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Nina Berman Post by Nina Berman

By Nina Berman on November 10th, 2020

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Grant Applications Are Like Job Applications

Big Ideas | Grants | Tips and Tools | Fundraising

Right now, we’re in the midst of grant season. If you’re looking to get funding for your work through grants, you’re likely to be awash in deadlines and applications. But really, grant season is year-round. You can check out all of our grant opportunities to see proof of that!

When we work with our community of artists to help you raise the funds you need to make your work, we hear the challenges you run into. Some of them are practical–where do you find grants? How do you talk about your art? What missteps should you avoid making? But some of the challenges are more philosophical. Why is it hard to talk about money? How do you figure out your values regarding sources of funding?

To best position yourself with your grant applications, you need to have the right practical advice as well as the right framework to think about grants and the grant application process.

When we published 6 Tips to Improve Your Art Grant Applications, we started to see an obvious parallel to another application that you might be familiar with and frustrated by. It became clear that some of the advice we were giving was similar to advice that works for something that feels very far away from the world of grantmaking: jobs!


Job and Grant Applications Are Challenging for Similar Reasons

The same reasons that you might be frustrated with a job search are similar to the reasons you might be frustrated as you apply for grants. Thinking about how hard it is to get a job or get a grant can make you feel defeated or like you shouldn’t start applying. We hope that isn’t the case! But we do need to acknowledge the real challenges so that we can best approach them.

First of all, there’s a lot of competition. When job-hunting, it can feel discouraging to see how many other people have applied to the same jobs you’re applying to. It can feel like the odds are stacked too high against you. Knowing that there are a lot of other applicants might discourage or frustrate you. I know that it’s been a big challenge as I’ve applied for jobs throughout my career. It can feel this way with grants, too. There is serious competition for a limited number of grants and funding opportunities.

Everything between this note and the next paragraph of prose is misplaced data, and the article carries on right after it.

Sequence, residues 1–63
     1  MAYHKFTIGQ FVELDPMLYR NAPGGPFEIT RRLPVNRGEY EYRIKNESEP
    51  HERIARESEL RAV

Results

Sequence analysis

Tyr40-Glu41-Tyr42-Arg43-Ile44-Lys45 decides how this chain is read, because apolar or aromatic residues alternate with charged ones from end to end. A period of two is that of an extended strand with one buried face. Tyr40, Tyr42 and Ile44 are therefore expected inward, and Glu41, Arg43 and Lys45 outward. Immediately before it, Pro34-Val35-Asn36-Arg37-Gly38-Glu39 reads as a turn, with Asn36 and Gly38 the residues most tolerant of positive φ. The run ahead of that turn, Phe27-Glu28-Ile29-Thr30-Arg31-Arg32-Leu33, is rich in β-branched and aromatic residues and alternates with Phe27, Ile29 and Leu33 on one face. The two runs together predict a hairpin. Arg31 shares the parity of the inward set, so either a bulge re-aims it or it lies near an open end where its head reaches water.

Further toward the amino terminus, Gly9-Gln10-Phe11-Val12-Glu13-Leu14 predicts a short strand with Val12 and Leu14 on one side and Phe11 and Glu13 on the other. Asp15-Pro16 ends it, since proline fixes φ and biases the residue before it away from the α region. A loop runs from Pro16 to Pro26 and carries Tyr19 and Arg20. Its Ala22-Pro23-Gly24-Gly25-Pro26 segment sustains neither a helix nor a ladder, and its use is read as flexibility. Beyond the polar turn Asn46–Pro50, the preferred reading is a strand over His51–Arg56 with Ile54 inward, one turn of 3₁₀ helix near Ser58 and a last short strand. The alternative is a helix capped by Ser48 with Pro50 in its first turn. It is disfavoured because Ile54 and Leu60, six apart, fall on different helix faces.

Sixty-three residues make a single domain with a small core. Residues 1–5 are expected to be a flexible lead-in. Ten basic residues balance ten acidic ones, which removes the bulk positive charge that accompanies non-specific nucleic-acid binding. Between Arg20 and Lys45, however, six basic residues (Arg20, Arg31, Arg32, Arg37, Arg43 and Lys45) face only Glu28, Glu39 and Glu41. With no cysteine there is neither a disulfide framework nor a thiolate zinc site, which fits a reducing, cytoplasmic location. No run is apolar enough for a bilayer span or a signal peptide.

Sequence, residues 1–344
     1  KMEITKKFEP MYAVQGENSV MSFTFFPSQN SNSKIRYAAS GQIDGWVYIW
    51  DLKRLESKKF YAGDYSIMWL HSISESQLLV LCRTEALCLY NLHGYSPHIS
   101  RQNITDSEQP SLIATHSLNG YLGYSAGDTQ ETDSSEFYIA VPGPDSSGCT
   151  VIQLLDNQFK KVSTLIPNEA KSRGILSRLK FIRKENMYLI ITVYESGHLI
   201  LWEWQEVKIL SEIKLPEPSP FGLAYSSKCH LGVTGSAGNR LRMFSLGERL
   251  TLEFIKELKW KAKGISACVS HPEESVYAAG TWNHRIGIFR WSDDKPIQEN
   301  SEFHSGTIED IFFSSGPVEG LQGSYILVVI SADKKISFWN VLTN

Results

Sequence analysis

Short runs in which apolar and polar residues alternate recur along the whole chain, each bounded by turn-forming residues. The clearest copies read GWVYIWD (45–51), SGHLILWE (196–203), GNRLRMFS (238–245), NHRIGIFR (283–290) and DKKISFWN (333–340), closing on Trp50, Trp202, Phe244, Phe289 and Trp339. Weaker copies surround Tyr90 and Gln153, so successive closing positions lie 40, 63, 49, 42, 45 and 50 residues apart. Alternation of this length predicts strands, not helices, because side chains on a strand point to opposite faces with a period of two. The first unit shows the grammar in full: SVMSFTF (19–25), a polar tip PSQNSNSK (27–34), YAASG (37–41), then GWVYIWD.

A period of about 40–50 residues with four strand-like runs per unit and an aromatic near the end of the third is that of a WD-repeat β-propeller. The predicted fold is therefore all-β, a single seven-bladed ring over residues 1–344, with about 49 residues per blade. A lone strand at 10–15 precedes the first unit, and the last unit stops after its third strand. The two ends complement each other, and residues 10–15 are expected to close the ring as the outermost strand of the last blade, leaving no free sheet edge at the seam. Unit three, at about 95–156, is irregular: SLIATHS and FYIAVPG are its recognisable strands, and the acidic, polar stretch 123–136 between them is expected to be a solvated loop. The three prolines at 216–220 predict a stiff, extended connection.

It can be hard to get your foot in the door with both grants and jobs. Without other awards or grants on your CV, it can be hard to get others. Without experience, it’s hard to get a job. But how do you get a job to get that experience in the first place? It can feel like until you get your first grant or your first job, you’ll never get it.

With both jobs and grants, you might feel like you’re sending out a lot of applications into the void. You click submit and send along your materials, without the hope of even getting a rejection back, much less any advice about what you could have done to improve your application.

Applicants for both jobs and grants can bring up similar stresses about whether you deserve the job or the funding. You might experience feelings of inadequacy or imposter syndrome. And then, in order to have the most compelling application for a job or a funding opportunity, you still have to hype yourself up in your cover letter or application materials. It can be a big emotional burden to bear.

The similarities between jobs and grants don’t just end with the challenges. A lot of the advice that can help you best position yourself during a job hunt can help you when applying for grants.


Research Jobs and Grants Before You Apply

Before you apply for a job, you’ll want to research the company or organization beforehand.

First of all, you want to make sure that you actually want to work there. Have there been any major scandals? Is there famously high turnover rate? Is their parent company secretly a weapons manufacturer? Is their board made up of people who commit war crimes? Do they seem aligned with your values enough for you to want to work for them (or collect a paycheck from them until something better comes along)?

Next, you want to research a potential job before you apply because it will make for a stronger application. Does it seem like your skills and experience would be a good fit for them? What is a company or organization’s tone, e.g. are they very casual or more buttoned-up? What terms and ideas are important to them? In the same way that you might be more formal when applying to a traditional office job versus a position at a tech startup, you’ll want your research to guide how you tweak your application and the tone you use when you write.